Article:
What are the risks associated with different Selective Serotonin Re-uptake Inhibitors (SSRIs) to treat depression and anxiety in pregnancy? An evaluation of current evidence

Psychiatr Danub. 2017 Sep;29(Suppl 3):629-644.

Abstract

A literature review was conducted to elucidate the respective reproductive safety profiles of different SSRIs to inform the prescribing practices of doctors treating pregnant women with anxiety and depression.

Background: Women are most likely to be diagnosed with depression or anxiety between the ages of 25 and 44 years, which are also the years of childbearing potential (Burke et al., 1991). Therefore a substantial number of women face a decision about whether or not to take an antidepressant or anxiolytic during pregnancy. There are no psychotropic medications that have UK marketing authorisation (NICE, 2014), no clear clinical consensus has been reached regarding the use of SSRIs in pregnancy, and clinicians lack a resource which discusses the reproductive safety profiles of different SSRIs rather than the class of drugs as a whole.

Subjects and methods: We performed a search for the English language literature indexed on MEDLINE/PubMed for the period 2012 to 2017, using the following key terms: fluoxetine, prozac, paxil, oxactin, paroxetine, seroxat, sertraline, lustral, citalopram, cipramil, escitalopram, cipralex, fluvoxamine, faverin, with 'pregnant woman', 'pregnant women', pregnancy. We excluded general SSRI and pregnancy articles (although we did read these papers for valuable background information) because we are interested in elucidating the differences between the drugs in this class, rather than the general effects of the SRRI class as a whole.

Results: The literature shows that paroxetine and fluoxetine have the strongest association with negative outcomes (significant malformations, PPHN and PNAS) whilst the associations between sertraline and citalopram with negative outcomes remains mixed and generally unsubstantiated when studies that show an association are controlled for the effects of maternal depression and associated factors. There are too few studies to draw definite conclusions regarding the safety of escitalopram and fluvoxamine.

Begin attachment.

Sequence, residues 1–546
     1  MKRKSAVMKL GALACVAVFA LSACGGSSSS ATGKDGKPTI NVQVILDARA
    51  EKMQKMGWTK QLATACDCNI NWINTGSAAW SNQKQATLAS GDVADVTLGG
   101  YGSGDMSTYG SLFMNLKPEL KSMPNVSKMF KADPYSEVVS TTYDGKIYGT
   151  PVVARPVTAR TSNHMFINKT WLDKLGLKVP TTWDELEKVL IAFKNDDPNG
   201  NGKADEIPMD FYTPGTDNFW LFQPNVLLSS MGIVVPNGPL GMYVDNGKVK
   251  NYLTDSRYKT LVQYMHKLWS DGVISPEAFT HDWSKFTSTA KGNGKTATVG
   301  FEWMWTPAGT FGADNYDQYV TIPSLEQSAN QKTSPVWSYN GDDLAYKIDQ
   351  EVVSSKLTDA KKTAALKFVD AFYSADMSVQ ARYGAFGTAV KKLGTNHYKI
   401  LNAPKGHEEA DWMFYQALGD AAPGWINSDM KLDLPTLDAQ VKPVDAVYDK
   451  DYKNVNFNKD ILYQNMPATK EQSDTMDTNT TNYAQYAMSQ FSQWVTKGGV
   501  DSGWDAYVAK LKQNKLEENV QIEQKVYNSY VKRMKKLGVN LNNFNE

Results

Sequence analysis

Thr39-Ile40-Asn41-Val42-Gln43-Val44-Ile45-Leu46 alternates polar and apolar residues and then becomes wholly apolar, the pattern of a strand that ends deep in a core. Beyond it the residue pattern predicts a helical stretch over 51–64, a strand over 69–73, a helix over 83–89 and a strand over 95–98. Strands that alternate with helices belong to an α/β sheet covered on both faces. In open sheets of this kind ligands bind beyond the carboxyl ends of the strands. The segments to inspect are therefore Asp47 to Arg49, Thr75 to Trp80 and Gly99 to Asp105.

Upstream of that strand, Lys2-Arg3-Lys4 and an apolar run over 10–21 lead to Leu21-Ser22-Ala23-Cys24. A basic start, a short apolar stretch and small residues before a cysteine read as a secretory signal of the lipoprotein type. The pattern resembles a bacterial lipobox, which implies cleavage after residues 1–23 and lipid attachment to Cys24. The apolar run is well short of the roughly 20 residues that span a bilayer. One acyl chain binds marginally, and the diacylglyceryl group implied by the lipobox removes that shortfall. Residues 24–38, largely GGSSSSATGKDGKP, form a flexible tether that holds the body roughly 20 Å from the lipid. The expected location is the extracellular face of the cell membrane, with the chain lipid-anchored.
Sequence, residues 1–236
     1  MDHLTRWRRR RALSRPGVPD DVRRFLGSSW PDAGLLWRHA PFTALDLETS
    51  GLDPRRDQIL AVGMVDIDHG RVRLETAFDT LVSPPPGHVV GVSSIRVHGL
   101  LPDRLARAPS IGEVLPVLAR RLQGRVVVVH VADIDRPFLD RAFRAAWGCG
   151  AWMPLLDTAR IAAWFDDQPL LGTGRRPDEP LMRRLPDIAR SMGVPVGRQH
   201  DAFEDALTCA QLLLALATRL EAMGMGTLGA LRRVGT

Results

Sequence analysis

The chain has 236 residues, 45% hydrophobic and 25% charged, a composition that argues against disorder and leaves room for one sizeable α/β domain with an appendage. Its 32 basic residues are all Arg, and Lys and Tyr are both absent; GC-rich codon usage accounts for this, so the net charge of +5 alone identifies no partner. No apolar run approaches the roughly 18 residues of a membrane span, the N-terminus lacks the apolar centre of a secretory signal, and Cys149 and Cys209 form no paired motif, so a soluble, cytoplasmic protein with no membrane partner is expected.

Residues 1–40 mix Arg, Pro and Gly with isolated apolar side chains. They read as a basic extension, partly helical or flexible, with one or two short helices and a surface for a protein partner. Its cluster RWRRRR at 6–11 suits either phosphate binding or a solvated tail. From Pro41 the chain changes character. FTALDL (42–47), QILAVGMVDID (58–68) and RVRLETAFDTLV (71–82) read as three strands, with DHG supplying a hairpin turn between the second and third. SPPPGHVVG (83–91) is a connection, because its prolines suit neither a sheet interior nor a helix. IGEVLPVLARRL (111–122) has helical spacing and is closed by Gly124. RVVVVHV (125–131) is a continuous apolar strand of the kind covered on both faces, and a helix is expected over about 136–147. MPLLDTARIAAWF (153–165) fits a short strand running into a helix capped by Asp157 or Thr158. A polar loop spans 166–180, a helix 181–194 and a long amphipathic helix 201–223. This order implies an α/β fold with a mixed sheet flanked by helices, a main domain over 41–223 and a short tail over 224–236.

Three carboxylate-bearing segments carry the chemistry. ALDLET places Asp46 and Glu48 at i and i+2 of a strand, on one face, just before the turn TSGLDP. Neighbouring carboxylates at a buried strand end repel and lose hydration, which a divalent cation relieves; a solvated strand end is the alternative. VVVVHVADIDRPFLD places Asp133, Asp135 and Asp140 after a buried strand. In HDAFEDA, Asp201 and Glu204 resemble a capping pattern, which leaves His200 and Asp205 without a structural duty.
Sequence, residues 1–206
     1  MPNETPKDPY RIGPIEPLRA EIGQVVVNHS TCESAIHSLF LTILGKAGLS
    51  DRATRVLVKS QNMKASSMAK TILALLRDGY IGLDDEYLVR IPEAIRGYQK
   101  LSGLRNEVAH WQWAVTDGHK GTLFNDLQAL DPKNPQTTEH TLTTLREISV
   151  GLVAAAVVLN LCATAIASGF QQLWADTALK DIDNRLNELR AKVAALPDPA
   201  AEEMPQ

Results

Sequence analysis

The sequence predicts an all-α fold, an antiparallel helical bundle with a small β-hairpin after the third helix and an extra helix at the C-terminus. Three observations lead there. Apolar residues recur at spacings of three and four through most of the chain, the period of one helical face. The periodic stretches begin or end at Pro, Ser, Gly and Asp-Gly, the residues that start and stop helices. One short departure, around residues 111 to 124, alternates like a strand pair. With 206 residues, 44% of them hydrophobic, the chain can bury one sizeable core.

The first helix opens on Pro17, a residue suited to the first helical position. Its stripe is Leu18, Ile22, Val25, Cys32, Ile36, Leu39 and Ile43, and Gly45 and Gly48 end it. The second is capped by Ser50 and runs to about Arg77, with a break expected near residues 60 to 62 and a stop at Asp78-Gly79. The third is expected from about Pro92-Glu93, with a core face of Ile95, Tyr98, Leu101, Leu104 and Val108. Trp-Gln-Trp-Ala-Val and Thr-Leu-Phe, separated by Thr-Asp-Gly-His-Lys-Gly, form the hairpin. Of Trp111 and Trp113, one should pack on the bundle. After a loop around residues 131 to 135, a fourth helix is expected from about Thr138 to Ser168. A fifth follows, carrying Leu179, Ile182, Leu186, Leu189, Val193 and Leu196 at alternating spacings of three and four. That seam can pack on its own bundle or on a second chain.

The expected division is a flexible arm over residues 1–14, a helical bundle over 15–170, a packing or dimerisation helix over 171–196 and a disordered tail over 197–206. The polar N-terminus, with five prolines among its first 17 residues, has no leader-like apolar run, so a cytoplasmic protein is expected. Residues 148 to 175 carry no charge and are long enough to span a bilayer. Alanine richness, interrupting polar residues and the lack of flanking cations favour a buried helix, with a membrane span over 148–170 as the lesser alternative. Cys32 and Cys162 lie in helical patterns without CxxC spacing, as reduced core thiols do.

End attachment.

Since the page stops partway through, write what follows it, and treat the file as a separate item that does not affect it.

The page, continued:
Conclusions: Sertraline and citalopram should be first-line drug treatments for anxiety and depression in pregnant women in the SSRI class. Sertraline can be continued in breast-feeding as the concentration found in breast milk is very low and has not been linked to infant complications. Furthermore, it would be useful to assess GPs current knowledge and confidence levels about prescribing, to see whether further education is needed in this area to encourage an open discussion of the risks and benefits of medication or no medication. It would also be useful to conduct further research on escitalopram which is likely to grow in popularity in the coming years as it came off patent in 2012. When these holes are filled, a clinical protocol for treating anxiety and depression in pregnant women should be created and implemented for the UK population.

Publication types

  • Review

MeSH terms

  • Adult
  • Anxiety / drug therapy
  • Citalopram
  • Depression* / drug therapy
  • Female
  • Humans
  • Paroxetine
  • Pregnancy
  • Pregnancy Complications* / drug therapy
  • Selective Serotonin Reuptake Inhibitors* / adverse effects
  • Serotonin*

Substances

  • Serotonin Uptake Inhibitors
  • Citalopram
  • Serotonin
  • Paroxetine